"Pakistan Insurance Report 2014" is now available at Fast Market Research
New Financial Services research report from Business Monitor International is now available from Fast Market Research
[UKPRwire, Mon Nov 25 2013] As is the case in previous years, it is very easy to identify points of weakness in Pakistan's insurance sector. Non-life penetration and life density - our key metrics - are at very low levels. Because of declining motor premiums, non-life penetration has been falling. The largest companies in each of the main segments are public sector entities that are manifestly less dynamic than their private sector rivals.
Over 90% of the population does not use life insurance. Only four multi-national insurers - MetLife Alico (in life), AIG (in non-life), Allianz (in health insurance) and Hollard (in life) consider it desirable to maintain a presence. Most of the non-life insurers are tiny companies with low retention ratios and low pricing power. None of the largest indigenous companies have scale in an international context.
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Takaful contributions are minimal - despite being the country with the world's second- or third- largest Muslim population.
Nevertheless, Pakistan, like Kenya (the country with which BMI considers Pakistan to be most comparable), has a national insurance sector where resilience and innovation are very key concepts. In total contrast to other countries with very challenging political, security and economic environments, the 'big three' indigenous groups - EFU, Jubilee and (if to a lesser extent) Adamjee - have worked to develop a vibrant and significant life insurance segment. State Life Insurance Corporation (SLIC), the state-owned titan that still accounts for over 60% of life premiums has done its part too. The big three's general insurance operations are characterised by broad product portfolios, multi-channel distribution and innovation. The National Insurance Company Limited (NICL) is playing an important role in the development of microinsurance, which the government sees as a key priority - and one that is more important than the promotion of Takaful. Interestingly, both Kenya and Pakistan are countries in which the Aga Khan Fund for Economic Development (AKFED) and affiliated institutions have an involvement in insurance through the Jubilee companies.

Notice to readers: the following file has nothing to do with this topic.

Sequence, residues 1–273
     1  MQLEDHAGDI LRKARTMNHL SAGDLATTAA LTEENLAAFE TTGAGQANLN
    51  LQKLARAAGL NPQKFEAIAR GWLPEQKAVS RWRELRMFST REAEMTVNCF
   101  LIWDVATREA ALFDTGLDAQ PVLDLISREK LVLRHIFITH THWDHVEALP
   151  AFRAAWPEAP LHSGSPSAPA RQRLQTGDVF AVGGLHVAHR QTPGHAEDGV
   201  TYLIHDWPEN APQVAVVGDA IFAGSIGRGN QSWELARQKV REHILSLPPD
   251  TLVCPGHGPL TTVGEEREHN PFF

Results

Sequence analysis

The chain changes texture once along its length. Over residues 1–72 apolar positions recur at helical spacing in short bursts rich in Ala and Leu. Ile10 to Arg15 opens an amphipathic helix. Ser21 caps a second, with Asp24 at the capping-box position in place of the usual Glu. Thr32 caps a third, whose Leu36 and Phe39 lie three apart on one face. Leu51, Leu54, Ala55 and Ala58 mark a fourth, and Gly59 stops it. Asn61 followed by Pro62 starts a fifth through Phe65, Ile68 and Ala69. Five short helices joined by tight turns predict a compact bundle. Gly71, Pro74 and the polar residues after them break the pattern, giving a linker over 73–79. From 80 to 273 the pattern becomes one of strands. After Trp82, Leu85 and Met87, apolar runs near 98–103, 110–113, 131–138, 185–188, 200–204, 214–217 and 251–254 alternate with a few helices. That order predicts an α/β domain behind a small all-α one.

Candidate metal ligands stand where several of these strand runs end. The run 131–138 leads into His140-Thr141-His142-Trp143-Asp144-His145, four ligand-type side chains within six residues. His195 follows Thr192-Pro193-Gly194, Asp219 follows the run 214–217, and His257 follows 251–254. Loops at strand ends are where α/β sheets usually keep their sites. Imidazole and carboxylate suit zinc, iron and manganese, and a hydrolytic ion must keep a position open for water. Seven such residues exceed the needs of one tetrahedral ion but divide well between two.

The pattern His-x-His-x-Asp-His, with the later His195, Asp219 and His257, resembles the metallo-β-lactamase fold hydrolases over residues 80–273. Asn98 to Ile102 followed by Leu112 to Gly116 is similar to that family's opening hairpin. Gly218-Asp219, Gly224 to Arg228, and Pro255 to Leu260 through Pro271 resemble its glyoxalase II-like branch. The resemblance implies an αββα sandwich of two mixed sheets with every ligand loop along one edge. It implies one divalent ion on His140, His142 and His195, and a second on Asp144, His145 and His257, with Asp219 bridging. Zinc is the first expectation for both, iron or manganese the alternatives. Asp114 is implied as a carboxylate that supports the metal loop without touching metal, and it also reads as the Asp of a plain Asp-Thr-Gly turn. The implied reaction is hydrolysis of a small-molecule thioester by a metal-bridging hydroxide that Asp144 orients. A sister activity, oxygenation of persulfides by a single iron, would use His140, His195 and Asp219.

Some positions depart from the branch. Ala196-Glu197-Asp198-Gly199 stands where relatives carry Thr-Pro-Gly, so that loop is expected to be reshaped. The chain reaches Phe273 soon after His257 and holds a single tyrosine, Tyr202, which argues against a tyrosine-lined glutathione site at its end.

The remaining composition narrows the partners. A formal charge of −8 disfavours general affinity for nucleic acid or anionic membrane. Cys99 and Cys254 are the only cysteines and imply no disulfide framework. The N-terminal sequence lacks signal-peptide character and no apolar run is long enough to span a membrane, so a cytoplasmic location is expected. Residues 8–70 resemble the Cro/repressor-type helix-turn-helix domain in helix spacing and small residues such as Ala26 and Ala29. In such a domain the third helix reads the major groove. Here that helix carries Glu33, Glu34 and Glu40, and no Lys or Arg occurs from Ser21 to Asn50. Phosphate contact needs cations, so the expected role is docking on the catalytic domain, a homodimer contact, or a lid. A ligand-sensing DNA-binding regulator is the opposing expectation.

The latest results that have been published by the listed companies in relation to H113 confirm that growth continues apace - particularly in the life segment. In spite of the low retention ratios, Pakistan's insurers appear not to have suffered from the general rise in rates and prices in the global reinsurance market through the first half of 2012.
As of late 2013, one wildcard is the government's announcement of plans to privatise SLIC and NICL (among other state-owned enterprises). Depending on who ultimately buys the minority stakes (with management control) that are on offer, this could prove to be a catalyst for a new round of positive change in the insurance sector.
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